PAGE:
The Duchess of Cornwall had a slice of Italy today - when she was offered a pizza made in her honour.
As Camilla went walkabout in the Italian city of Naples she spotted a stall outside trattoria PizzaMargherita.
The sign said "welcome Duchess Camilla." The chef had specially prepared a large pizza with welcome Camilla spelt out in cheese
But she didn't take a bite as a swarm of 25 photographers tried to get shots.
It came just after she visited a Naples based world famous tie manufacturer - where her husband Prince Charles buys many of his ties.
The family run business, E. Marinella - that uses silk from Macclesfield - supplies ties for her husband Prince Charles.
There was even a letter of thanks from the prince framed in the shop. The silks are all hand printed in England
"Do you export," Camilla asked and was told the ties are mostly sold in Italy, although there is a shop in London.
On arrival at the Duchess was greeted by owner Maurizio Marinella and Mayor Luigi di Magistris who took him on a tour of his business.
Camilla visited the workshop to observe the processes involved in making silk scarves and ties by hand.
She officially inaugurated the Marinella's Centenary Museum, together with Mr. Marinella, before heading to the show room to meet staff.
At one point the Duchess posed on a classic 1960s Italian Lambretta that was in the shop.
Marinella has been based in Naples since 1914.
Since its foundation, over 90 per cent of the raw materials and semi-finished products have been imported from UK suppliers.
The tie is the traditional top seller, designed and made in Italy with fabrics and silks produced in Macclesfield - over 80 per cent of all the silk produced in Macclesfield is sold to Marinella.
In June 2011 Marinella launched its first atelier in London, Mayfair.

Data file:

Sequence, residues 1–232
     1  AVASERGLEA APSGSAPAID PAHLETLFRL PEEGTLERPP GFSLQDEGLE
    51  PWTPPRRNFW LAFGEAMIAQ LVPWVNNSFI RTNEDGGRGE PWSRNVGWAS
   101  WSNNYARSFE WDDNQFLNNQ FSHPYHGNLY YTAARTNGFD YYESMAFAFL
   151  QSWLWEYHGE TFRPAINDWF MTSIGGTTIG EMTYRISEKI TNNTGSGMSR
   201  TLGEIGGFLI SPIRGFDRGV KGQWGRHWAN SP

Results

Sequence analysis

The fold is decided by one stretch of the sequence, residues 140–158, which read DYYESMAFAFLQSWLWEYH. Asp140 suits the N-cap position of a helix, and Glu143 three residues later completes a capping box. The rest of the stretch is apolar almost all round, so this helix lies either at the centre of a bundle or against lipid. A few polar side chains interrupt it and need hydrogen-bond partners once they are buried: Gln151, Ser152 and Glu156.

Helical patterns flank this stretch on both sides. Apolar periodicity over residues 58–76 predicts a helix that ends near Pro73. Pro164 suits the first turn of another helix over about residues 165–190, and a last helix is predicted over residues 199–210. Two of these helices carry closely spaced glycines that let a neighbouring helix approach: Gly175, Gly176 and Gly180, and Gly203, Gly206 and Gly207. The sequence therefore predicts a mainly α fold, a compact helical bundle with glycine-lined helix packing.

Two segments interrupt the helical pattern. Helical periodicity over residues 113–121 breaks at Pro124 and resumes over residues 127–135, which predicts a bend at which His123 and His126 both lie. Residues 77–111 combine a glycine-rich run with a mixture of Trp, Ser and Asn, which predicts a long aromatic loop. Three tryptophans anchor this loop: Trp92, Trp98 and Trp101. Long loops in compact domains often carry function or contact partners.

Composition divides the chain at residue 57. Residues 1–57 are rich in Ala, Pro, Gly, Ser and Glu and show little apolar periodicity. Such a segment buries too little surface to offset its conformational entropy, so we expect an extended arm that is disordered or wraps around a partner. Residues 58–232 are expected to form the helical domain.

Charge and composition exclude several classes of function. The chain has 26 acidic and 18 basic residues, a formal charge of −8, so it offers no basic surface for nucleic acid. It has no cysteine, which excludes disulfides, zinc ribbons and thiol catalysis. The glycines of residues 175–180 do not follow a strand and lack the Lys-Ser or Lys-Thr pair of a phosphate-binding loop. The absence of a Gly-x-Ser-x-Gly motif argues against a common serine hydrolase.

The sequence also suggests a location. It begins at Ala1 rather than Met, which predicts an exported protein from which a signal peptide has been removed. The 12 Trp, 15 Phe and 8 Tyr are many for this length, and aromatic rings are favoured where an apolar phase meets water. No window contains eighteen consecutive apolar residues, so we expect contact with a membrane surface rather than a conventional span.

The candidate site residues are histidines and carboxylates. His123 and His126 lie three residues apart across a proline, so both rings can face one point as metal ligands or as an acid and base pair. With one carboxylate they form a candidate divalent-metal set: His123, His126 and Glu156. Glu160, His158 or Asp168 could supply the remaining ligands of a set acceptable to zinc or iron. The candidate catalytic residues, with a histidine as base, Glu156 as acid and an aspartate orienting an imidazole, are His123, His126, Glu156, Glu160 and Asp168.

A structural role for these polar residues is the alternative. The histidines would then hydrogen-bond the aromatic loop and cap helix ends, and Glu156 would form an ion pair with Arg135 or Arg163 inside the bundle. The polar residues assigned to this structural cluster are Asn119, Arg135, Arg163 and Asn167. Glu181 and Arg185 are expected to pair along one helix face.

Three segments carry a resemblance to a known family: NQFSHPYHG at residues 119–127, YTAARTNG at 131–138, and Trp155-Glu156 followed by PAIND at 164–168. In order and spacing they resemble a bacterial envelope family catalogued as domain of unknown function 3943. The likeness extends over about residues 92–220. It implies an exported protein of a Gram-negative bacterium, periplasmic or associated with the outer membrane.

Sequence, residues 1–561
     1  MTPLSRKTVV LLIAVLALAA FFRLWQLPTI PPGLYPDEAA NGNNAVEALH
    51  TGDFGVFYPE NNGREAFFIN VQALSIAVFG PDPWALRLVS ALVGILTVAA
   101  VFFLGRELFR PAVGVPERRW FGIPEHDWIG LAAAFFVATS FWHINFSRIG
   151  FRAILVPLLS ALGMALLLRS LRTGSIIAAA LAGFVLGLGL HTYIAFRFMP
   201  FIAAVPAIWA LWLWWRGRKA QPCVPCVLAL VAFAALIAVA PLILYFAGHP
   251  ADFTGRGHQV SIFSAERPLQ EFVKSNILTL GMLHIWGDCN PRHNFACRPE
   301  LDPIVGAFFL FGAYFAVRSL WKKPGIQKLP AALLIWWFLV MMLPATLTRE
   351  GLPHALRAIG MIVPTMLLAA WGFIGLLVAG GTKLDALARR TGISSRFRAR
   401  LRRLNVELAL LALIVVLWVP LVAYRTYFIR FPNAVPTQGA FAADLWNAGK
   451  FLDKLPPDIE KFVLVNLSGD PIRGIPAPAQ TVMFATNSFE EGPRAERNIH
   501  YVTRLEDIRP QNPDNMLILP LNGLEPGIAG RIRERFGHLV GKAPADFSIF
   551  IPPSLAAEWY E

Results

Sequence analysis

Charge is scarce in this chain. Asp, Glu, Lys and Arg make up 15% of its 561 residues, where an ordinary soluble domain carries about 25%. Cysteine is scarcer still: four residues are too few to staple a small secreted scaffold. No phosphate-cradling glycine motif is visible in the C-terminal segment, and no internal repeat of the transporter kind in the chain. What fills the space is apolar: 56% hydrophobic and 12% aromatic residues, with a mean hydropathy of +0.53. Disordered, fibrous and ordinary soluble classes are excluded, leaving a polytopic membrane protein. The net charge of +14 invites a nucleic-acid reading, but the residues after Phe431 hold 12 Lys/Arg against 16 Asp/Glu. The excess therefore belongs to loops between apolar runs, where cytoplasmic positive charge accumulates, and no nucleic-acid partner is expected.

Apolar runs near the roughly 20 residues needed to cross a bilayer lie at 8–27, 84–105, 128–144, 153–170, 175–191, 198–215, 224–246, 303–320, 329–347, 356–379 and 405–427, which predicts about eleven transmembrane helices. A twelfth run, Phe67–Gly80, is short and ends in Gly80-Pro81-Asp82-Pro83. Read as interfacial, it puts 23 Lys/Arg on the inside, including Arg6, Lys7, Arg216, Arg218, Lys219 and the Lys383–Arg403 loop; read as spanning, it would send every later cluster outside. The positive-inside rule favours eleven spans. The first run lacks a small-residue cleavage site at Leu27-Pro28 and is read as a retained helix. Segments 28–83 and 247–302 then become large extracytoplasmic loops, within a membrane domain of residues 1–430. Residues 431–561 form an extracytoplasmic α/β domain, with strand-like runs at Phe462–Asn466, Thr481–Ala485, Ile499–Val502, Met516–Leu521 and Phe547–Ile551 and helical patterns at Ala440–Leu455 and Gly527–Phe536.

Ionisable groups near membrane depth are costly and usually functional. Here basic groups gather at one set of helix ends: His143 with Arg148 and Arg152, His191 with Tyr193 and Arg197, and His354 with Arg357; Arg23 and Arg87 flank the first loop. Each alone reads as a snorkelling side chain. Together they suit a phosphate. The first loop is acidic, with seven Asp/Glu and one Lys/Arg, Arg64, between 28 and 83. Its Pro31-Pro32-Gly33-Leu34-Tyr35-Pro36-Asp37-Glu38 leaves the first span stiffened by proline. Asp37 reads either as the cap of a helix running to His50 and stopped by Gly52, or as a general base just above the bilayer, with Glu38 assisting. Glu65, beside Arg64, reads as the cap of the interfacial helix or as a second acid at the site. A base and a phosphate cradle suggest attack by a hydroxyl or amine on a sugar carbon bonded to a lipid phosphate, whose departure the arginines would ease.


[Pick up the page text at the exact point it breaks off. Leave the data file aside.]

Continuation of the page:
The Duchess of Cornwall also met families whose loved ones were murdered by the Mafia as she visited a picturesque villa in Naples once owned by a crime boss.
Camilla clutched the hands of one widow, whose 45-year-old husband was murdered by the Camorra - the name of the Naples-based crime syndicate - eight years ago when he was working as a security guard and told her: “You are all very brave women, I think you're very strong, you are united which is so important.”
She told another, who lost her 26-year-old son 12 years ago when he was shot in a case of mistaken identity: “It is so terrible, so many lives destroyed.
“It is good that you all talk and support each other. It is so important to talk.”
There have been 360 innocent victims of the Napoli Camorra over the last 30 years - people with no links to organised crime whatsoever - while the extended death toll runs into the thousands.
Camilla, on the second day of a six-day visit to Italy with her husband, Prince Charles, flew to Naples, where her first engagement was at La Gloriette, a property with stunning views of of the Bay of Naples, which once belonged to one of the biggest bosses of the Camorra, Michele Zaza.
Camorrista Zaza was one of the most powerful kingpins in the region in 70s and 80 but eventually died in custody accused of two counts of murder, mafia association and drug dealing.
His lavish villa was confiscated by the state and has now been turned over to a number of charities including victims of crime and women who have fled domestic violence.
The Deputy Mayor of Naples, Raffale del Guidici, said: 'This is a site of great symbolic significance because it was taken from a Camorra boss and turned into a social centre. It represents the fight against criminality and all forms of violence.'
A band greeted the duchess's arrival before she undertook a tour of villa, speaking to the charities involved as well as the still grieving families of Zaza's victims.
Meanwhile Prince Charles joked about a daring Italian cat burglar who stole some of his prized jewellery as he watched the country’s military police stage a dramatic raid.
Trainee Carabinieri officers put on a hostage rescue display for the prince when he visited an international policing centre which trains officers of all ranks from across the globe in everything from UN peace keeping to armed response techniques.
And when he was shown a £1.7 million violin recovered by Carabinieri he told some of the senior officers how his cufflinks had been stolen and played with the accessories on his shirt cuffs.
Fabrizio Rossi, who works with a special Carabinieri unit that hunts down stolen artwork, said: "He said some of his jewellery was taken by an Italian thief, but it was recovered."
Charles was reunited with five sets of cufflinks - including a pair given to him by Camilla - and other precious items in 1998 after they had been taken four years earlier by the burglar dubbed the "Riviera jewel thief".
The heir to the throne joked with the special Carabinieri team as he left: "I know where to come to (next time)".